Now, we have news that the World Bank is once again wading into the "megadams" arena, this time with a $1.4B project in Laos called Nam Theun 2 on the Mekong River. To lessen potential criticism of the Bank, it has been more active in approaching concerned stakeholders about minimizing deleterious effects of "megadams," though NGOs are still wary:
Dam projects in poor countries tend to wreak havoc on the communities they displace. But the $1.4 billion Nam Theun 2 dam in central Laos is a different story. Piu, a smallholder in her 30s, moved in May to a village built for some of the 1,200 families displaced by the project, scheduled for completion in 2009. "It's very beautiful," she says. Nearby, workmen finish neighboring units—wooden homes on stilts with a traditional feel.
The justification for NT2, like that for many big infrastructure projects, is to lift the locals out of poverty. Indeed, the dam's electricity will be a boon: over the next quarter century, developers expect to bring in $2 billion, paying for the dam and much-needed economic development. But unlike dams elsewhere, NT2 may represent a new generation of massive World Bank projects. Prompted by a growing awareness of the impact that megadevelopments can have, the Bank now attaches strict conditions to its aid. "It used to be accepted that some would have to lose so that the majority could benefit. But now we're asking whether anyone has to lose," says Chaohua Zhang, who oversees NT2's social and environmental projects.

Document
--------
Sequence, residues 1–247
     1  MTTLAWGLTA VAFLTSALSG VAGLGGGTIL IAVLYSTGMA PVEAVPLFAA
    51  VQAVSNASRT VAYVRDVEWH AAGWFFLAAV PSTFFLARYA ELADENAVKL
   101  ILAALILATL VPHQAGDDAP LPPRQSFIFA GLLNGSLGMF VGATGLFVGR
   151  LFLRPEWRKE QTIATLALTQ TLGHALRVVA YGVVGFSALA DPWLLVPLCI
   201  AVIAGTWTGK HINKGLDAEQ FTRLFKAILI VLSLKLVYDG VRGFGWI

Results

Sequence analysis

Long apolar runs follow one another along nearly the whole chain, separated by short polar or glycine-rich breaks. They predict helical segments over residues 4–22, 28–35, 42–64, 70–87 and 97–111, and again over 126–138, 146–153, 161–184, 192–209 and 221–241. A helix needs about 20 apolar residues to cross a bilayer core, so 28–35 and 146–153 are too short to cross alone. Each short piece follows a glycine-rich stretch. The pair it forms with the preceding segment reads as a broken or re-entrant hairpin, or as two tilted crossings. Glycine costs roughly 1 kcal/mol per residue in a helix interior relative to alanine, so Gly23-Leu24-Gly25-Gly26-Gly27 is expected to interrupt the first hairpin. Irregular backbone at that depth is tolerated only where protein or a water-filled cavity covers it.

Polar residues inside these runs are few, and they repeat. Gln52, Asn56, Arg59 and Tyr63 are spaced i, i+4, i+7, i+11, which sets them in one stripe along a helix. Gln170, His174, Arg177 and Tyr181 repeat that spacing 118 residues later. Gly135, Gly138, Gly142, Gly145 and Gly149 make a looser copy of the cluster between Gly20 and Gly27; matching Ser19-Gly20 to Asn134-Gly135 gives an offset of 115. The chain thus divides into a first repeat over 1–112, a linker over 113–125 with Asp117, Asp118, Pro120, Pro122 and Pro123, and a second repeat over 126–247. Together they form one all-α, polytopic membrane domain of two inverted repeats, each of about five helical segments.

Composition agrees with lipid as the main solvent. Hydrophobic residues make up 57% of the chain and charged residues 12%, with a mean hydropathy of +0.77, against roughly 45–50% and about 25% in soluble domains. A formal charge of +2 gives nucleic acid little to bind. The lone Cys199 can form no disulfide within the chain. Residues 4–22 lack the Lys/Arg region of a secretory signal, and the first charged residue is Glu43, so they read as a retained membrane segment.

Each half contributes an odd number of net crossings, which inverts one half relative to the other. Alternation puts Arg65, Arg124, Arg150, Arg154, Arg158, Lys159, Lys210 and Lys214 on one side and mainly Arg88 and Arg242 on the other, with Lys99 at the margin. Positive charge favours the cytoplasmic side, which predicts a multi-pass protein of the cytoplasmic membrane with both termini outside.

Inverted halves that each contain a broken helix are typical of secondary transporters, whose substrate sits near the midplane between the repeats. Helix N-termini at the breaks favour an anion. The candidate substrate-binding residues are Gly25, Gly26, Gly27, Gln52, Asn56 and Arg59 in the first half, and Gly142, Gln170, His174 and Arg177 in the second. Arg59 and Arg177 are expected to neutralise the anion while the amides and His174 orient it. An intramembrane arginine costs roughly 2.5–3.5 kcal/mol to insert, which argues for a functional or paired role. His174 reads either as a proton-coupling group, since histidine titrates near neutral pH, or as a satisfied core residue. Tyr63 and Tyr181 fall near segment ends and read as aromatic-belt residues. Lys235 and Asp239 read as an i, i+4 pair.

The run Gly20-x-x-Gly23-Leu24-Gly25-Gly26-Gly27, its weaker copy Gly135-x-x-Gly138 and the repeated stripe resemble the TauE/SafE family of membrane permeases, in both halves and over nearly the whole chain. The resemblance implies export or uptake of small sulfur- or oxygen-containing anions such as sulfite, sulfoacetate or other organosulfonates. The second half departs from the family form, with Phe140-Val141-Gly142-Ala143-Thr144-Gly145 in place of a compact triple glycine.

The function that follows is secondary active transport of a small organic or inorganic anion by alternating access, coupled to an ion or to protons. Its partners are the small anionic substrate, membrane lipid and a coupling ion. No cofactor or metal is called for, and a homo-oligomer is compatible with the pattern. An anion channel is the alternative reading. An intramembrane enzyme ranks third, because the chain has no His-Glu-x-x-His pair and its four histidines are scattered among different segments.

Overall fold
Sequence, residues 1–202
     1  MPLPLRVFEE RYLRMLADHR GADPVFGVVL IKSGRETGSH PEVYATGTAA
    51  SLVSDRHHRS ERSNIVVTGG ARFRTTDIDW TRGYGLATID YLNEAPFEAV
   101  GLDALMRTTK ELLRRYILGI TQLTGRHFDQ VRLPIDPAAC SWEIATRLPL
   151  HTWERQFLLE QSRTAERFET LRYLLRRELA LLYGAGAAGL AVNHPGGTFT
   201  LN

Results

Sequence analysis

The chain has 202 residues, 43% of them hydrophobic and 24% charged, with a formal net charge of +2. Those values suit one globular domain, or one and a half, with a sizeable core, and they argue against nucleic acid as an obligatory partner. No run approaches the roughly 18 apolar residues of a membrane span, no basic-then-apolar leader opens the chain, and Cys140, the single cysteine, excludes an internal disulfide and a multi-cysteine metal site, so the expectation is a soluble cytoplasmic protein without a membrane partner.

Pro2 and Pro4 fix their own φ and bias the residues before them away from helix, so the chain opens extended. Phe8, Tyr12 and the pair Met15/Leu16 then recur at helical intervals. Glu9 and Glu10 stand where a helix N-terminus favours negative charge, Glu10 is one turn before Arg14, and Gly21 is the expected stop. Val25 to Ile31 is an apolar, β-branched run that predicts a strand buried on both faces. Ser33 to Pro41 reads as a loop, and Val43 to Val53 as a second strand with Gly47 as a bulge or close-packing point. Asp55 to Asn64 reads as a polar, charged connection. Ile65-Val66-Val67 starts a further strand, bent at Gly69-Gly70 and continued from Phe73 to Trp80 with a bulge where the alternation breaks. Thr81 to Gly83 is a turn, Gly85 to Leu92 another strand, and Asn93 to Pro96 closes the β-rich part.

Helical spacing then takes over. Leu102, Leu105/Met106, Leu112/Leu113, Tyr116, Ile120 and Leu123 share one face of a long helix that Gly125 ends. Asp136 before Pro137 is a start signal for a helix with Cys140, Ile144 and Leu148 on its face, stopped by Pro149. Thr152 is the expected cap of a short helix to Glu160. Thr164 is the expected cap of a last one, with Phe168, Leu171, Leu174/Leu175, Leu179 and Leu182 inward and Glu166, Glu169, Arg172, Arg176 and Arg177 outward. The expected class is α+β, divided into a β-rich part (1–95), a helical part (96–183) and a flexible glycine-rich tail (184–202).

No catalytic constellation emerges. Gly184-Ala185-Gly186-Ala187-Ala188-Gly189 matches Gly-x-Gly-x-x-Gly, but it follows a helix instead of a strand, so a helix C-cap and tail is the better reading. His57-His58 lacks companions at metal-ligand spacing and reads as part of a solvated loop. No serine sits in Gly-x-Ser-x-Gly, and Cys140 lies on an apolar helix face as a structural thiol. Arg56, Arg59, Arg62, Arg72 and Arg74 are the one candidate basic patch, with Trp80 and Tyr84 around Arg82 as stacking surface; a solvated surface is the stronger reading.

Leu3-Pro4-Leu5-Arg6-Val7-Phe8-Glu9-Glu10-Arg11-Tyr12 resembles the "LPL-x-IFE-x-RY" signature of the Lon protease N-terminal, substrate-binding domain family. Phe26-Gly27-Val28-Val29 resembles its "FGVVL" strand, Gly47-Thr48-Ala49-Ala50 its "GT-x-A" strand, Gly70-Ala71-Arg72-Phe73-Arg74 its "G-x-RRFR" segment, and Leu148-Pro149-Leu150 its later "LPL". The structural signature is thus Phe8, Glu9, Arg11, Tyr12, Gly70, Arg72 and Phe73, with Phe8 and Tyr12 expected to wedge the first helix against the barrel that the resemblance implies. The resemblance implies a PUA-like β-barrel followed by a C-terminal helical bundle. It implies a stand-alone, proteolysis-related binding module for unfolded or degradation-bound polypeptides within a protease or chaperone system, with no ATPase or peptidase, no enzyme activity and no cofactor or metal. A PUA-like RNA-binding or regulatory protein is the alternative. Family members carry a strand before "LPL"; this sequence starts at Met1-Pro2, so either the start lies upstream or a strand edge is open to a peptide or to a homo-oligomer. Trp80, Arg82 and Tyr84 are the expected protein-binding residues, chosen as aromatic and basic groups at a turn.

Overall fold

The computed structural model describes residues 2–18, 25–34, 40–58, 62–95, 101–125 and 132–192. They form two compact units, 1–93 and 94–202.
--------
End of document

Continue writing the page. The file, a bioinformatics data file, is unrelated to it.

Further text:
As for displaced families, the World Bank and the Laotian government promise to double their incomes within four years. And where villages have been moved, communities have been kept together, transported nearby and given a role in designing their new homes. Those efforts are accompanied by new environmental protections. "We had 80 or 90 percent participation in the decision making," says Ontaa Kaakaeson, a village headman.
Bank officials say the NT2 project is the beginning of a broad trend. "The environmental and social policies we're imposing here are broadly applicable ... whether it be irrigation, ports, roads or major urban development," says Stephen Lintner, an adviser to the Bank on safeguards.
The project has its doubters: dozens of NGOs chided the Bank for not adopting even more demanding standards. But World Bank support helped keep NT2 from running to the financiers of the Merowe dam in Sudan, where, in April, 3 protesters were killed and 50 wounded.
There's a lot riding on NT2. Laos needs the boost to its economy and its human-rights credentials. The World Bank wants to prove that kinder, gentler megaprojects are possible. And advocates think it's a way to make the Bank more accountable to the locals. "The World Bank has put itself in a situation where they've given us standards to hold them to," says one. "If they fail, there will be no hiding the fact."